If it's a random adult being nosy, I turn the question on them: "Why do you ask?" (I'm a huge believer in letting folks explain their own nosiness before I decide how I want to answer.)

If it's during a class visit (and it always comes up!) I'll get a bit more specific because sometimes kids are trying to figure this out, to see if maybe they could do this, too. ("I could have bought a good used car with my advance." or something like that.)

If it's a new author trying to figure out options, I'll be as specific as needed to be helpful.

Laura Stegman said...

"We're hoping for the best." That is PERFECT for questions about money and sales! Thanks, Janet.

Adele said...

A bit OT but still in the ball park:

In my twenties, a local published author filled out his bank account by teaching a "Night School in a Day" class called "The One-Hour-A-Day Novel". I had only just realized that books were written by real people who were alive and living in the world, that it might be something I could do, and off I went. During his class, he said he did not make enough money from writing to quit his day job (college lecturer). He said it several times.

Of course we all wanted facts and figures, and later in the day, he gave us his own example - in the previous year, all he had been able to make from his writing was about $42,000 (he had 7 books in print). He sounded so despondent; it was too bad, so sad. But I was overjoyed - I was making $1,500 a month working full time and to me it was a fantastic sum.

At the time my takeaway was that advising somebody else that they can't quit their day job isn't something anyone is qualified to do, because nobody else knows your circumstances.

I think, though, that people who expect you to make a fortune are mostly just trying to be supportive in their own cock-eyed way.

S.D.King said...

Mary Poppins - I never explain anything.

Theresa said...

There was a Twitter thread this week of black and white authors divulging the details of their advances, but that discussion had a specific purpose.

I think a lot of people don't know much about writing as a business, so maybe this is how they learn. Still, I can't ever imagine asking such a personal question of any other person who works.

Miles O'Neal said...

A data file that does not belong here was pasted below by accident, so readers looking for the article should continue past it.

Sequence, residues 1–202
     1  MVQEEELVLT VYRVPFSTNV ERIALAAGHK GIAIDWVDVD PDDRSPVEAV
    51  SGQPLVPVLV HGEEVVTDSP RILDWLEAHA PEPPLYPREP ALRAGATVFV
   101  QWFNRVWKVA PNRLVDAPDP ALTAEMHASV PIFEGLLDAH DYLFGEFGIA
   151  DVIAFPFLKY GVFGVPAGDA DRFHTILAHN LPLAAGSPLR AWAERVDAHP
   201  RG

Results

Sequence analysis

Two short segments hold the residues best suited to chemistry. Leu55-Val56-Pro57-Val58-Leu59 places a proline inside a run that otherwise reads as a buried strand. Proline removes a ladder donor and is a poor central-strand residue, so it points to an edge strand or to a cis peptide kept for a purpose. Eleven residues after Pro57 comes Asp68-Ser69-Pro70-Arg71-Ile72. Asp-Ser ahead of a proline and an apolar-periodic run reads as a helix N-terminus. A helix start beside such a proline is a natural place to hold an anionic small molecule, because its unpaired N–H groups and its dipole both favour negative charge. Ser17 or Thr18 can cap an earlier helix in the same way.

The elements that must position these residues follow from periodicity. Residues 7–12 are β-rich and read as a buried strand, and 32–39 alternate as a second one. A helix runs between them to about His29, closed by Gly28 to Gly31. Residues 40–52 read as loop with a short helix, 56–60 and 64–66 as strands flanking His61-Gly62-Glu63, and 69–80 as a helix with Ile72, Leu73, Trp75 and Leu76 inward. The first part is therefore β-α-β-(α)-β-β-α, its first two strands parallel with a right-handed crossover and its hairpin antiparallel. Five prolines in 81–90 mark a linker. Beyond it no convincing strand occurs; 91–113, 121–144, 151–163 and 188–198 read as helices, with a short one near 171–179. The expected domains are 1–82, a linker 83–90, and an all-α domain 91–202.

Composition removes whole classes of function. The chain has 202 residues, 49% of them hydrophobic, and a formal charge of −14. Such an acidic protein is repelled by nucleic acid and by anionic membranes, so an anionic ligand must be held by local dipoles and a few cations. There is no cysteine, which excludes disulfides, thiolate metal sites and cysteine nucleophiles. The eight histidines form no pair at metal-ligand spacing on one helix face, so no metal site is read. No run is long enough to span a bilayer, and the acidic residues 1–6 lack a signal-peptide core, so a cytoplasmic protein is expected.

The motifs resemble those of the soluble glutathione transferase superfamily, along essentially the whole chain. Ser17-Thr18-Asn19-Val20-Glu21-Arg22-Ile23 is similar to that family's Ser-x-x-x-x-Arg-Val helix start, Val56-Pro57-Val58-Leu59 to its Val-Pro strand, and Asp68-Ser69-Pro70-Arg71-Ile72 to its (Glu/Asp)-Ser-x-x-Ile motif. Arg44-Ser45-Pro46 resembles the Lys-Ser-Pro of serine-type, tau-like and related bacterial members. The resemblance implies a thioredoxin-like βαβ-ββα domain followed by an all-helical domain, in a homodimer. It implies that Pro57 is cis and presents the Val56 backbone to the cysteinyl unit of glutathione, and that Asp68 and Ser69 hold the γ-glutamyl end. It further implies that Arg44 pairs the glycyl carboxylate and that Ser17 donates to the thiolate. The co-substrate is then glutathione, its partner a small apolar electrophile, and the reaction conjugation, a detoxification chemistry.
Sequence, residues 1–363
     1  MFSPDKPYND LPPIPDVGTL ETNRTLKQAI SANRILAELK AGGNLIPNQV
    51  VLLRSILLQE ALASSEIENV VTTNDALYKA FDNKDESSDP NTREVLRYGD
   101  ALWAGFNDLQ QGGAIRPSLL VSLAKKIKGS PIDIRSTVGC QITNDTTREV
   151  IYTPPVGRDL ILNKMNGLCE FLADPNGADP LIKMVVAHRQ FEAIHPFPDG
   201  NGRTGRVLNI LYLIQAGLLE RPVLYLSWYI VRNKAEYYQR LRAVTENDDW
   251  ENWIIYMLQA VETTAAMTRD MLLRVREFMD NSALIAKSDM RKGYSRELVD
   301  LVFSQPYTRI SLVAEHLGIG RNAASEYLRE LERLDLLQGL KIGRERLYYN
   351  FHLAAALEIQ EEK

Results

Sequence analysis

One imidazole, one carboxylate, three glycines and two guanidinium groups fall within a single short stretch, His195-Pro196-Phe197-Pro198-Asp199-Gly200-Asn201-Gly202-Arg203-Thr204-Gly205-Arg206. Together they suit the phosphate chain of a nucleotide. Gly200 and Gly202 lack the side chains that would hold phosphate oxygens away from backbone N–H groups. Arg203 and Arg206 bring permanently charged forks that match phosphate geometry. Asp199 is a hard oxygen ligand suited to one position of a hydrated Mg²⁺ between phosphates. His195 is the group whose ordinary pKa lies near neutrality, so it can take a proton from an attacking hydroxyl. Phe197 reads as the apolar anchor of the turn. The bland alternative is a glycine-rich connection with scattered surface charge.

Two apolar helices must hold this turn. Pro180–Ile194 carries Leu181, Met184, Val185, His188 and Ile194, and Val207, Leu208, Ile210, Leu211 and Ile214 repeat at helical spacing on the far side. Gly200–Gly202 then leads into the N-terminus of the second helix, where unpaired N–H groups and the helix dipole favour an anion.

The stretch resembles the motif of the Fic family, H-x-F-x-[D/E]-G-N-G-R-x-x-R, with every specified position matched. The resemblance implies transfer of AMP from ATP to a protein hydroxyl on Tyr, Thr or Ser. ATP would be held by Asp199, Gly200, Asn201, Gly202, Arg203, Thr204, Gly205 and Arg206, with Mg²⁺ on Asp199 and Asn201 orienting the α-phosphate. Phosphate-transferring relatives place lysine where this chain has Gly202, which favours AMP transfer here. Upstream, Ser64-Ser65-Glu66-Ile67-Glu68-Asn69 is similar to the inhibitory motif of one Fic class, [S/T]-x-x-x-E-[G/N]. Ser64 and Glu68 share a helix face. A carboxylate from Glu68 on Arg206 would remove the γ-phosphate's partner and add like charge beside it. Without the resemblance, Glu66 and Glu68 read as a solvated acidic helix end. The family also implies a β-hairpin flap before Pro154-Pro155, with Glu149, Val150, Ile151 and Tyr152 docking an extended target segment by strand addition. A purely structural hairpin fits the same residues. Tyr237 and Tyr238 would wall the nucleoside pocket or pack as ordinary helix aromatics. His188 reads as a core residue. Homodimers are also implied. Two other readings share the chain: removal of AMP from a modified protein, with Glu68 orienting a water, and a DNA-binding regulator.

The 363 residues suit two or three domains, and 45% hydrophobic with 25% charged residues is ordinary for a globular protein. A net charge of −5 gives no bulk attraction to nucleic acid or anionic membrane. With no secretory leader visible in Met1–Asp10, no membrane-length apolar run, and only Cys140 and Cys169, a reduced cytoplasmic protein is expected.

There are some great answers here, but many don't address the initial question.

"Obviously I would love to have a best-seller! But very few authors hit Easy Street. When my book is out (or almost out), please make sure to tell everyone you know to buy (or pre-order) a copy to help push toward that goal! And review it!"

John Davis Frain said...

First, congratulations.

First-and-a-half, c'mon, OP, lean into it. You're a writer. Especially if you're a fiction writer, you make up everything anyway. So, make up your answer here.

This question is Story knocking on your door. Answer!

"Oh, you'll be on Easy Street now."

"Are you kidding me? Do you realize banks only provide FDIC insurance up to $250K? I'm gonna need random banks on multiple streets to house my advance. If people actually buy the book too ... this is Rue de Pain in the Ass Street."

There are a million ridiculous answers for every single ridiculous question.

Also, I'm starting to realize a lot more people beyond my wife would consider me nosy. Apologies to all those people I've unintentionally offended.

Congrats, OP, on the book and all. Now then, think you could front me fifty till next Friday? I'm good for a hundred, so practically speaking, I'm saving you fifty bucks outta the goodness of my heart here.

BJ Muntain said...

Congrats, OP!

I, too, agree that it's not anyone else's business what you make from your writing. Except my financial advisor, because he'll be the one figuring out how much I have to hold for income tax.

My dad always used to ask, "So how is the book coming?" Even after he had his stroke and could barely speak, he would ask. All I could say was that I was still trying to find an agent/publisher.